Liguid Benadryl vs Tablets

14 replies [Last post]
By seansdad on Mon, 02-05-01, 21:26

Does anyone have any information regarding the relative performance of liquid Benadryl vs tablets. It would appear that the various products available to carry the Epi-Pens cannot handle two Epis plus liquid Benadryl but could store tablets. Thanks

T

Than

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By Frances on Mon, 02-05-01, 21:34

I too have inquired about this. I haven't seen any research on this issue but I have talked to several pharmacists who have told me that liquid benadryl and a tablet chewed have almost the identical response time. Once the medication becomes liquified (whether by chewing or the liquid itself) they both act the same. I would want to make sure that my child chews it well. We carry our epi-pen in a round toothbrush holder. We have his emergency plan, reduced in size from a copy machine, the epipen in the original plastic container, and four claritan tablets. My allergist says that the claritan chewed will do the same thing as the benadryl. We have gone this route because we are active and the "travelability" of the epi is important. When we go somewhere farther from a main town--we usually take an extra epi-pen and also benadryl. I have heard there is a claritan product called "reditab" which is taken sublingually (it dissolves under the tongue) and this medication gets into your system even faster than the liquid benadryl. I don't know if they make a benadryl like this. I plan to discuss this with our allergist at our next appointment. My son is 11 and often has to carry his epi-pen himself. It is important that we keep the size down or I think he would be much more reluctant to carry it with him.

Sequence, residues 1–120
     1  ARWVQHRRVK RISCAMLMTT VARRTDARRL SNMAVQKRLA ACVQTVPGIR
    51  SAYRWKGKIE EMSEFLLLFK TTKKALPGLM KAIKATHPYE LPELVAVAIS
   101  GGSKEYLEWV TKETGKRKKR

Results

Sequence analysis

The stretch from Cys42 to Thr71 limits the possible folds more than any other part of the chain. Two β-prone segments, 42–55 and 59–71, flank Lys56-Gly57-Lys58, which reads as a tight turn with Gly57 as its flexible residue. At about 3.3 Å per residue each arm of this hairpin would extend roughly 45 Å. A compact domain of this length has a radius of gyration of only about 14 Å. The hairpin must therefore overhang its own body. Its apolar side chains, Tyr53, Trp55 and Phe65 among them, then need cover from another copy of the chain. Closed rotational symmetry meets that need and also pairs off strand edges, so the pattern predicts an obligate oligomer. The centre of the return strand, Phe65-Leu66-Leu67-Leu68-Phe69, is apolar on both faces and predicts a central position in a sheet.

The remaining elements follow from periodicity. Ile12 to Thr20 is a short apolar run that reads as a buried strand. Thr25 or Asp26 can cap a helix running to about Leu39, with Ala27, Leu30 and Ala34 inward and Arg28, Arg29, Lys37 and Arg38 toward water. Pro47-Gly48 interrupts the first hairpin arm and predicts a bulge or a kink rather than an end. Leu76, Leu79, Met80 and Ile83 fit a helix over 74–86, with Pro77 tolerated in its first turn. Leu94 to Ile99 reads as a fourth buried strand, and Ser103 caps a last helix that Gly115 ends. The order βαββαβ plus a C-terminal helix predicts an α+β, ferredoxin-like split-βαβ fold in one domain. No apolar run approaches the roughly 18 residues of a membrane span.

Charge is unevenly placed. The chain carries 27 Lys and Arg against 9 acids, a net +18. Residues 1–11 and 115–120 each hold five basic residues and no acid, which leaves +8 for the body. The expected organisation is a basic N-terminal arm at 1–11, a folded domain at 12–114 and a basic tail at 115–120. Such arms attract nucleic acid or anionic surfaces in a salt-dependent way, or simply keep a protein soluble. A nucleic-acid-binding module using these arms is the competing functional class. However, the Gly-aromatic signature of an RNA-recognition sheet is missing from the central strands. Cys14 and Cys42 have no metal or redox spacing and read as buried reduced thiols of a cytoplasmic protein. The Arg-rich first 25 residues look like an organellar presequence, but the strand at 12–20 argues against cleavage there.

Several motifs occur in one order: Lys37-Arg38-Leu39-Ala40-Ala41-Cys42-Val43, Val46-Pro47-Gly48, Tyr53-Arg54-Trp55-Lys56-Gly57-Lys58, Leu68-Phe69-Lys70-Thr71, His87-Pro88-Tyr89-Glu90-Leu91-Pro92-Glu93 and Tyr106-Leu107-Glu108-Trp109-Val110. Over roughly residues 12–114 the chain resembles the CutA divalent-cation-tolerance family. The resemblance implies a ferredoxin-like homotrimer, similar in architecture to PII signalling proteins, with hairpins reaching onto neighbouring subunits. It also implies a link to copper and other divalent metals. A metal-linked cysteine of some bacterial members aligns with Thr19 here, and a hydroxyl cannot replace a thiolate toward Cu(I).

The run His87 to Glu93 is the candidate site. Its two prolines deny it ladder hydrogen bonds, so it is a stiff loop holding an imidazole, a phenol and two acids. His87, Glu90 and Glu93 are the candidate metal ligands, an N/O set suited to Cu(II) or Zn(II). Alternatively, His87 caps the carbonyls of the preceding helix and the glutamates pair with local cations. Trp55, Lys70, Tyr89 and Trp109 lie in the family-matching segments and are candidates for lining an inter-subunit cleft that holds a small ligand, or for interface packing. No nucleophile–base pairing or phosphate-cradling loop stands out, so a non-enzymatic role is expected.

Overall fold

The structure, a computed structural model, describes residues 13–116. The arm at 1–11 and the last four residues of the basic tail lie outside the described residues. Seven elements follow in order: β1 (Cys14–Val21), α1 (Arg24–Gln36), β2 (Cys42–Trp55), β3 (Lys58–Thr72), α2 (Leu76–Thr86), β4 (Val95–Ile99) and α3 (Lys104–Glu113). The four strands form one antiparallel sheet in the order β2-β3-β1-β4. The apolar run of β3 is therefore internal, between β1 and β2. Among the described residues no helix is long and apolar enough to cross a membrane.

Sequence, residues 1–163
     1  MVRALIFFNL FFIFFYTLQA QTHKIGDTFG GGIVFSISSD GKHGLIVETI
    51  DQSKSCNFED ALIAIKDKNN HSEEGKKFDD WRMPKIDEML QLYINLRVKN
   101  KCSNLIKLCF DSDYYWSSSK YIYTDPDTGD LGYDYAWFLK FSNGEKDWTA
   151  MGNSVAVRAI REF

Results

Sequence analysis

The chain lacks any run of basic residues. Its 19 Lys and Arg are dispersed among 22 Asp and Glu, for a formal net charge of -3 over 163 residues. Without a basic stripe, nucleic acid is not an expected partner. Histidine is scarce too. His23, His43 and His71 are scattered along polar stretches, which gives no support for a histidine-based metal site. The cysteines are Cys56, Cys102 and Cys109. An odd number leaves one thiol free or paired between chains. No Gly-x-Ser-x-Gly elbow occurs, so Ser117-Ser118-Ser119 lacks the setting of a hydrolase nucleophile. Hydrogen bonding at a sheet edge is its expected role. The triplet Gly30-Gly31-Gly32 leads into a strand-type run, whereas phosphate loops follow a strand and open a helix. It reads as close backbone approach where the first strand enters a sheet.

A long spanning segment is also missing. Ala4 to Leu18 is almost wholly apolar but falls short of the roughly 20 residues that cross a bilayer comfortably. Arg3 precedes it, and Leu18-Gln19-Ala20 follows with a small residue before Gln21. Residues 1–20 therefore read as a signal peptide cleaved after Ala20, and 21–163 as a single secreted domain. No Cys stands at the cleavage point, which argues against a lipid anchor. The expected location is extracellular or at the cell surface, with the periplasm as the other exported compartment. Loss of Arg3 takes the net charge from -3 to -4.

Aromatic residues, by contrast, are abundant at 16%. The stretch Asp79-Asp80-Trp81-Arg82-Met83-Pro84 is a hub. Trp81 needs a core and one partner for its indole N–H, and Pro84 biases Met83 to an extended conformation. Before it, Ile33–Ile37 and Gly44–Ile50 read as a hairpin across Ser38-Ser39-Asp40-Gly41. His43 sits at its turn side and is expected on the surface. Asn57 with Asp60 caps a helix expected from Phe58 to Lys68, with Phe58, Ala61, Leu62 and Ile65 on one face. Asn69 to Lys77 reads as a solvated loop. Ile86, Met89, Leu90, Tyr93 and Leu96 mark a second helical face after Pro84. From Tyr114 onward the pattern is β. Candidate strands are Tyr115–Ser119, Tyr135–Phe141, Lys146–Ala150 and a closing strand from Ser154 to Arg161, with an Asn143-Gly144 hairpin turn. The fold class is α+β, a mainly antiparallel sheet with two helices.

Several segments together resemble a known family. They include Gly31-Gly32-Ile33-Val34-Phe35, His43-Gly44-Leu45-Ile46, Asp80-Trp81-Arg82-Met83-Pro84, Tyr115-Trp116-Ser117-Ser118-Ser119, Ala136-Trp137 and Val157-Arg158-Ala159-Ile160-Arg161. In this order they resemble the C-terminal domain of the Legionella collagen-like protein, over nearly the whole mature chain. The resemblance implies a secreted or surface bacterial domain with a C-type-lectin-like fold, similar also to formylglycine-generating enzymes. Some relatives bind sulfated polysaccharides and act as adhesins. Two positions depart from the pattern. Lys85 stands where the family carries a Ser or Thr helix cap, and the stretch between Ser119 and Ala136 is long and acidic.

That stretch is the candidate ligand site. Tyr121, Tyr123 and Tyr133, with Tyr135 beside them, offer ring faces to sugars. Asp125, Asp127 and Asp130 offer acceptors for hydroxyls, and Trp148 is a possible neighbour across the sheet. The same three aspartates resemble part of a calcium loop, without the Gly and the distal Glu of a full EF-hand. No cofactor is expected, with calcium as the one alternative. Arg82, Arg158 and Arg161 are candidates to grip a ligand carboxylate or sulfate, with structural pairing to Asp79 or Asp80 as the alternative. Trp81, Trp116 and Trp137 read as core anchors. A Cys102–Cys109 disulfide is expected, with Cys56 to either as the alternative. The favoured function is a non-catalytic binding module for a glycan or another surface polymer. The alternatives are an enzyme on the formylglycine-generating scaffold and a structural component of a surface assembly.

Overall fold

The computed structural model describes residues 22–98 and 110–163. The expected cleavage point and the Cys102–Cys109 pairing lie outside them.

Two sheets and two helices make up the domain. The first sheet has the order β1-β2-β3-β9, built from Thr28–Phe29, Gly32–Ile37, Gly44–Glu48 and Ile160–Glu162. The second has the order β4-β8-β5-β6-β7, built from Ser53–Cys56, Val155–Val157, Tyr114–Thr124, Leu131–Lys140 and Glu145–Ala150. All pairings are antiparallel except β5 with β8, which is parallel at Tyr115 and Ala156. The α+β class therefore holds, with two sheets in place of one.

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By PattyR on Mon, 02-05-01, 22:31

The tablets would definitely be more convenient to carry around but my fear is that my son might have trouble with the tablets during a reaction. He feels tightening in his throat so I feel like the liquid has a better chance of getting down. Of course with throat tightening, I also use the epi.

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By AmyR on Tue, 02-06-01, 01:21

Good point Patty. I was actually at the allergist with my son today and I asked this very question. My doctor told me the chewable benadryl tablets are as effective as liquid benadryl. I was a bit surprised to hear this. For portability reasons I think this is great. I just wonder why the makers of the various epi pen holders don't advertise this. I've been reluctant to buy holders because they obviously don't hold a bottle of benadryl. I also worry that some of the chewable tablet will end up stuck to the teeth and will therefore not be as effective.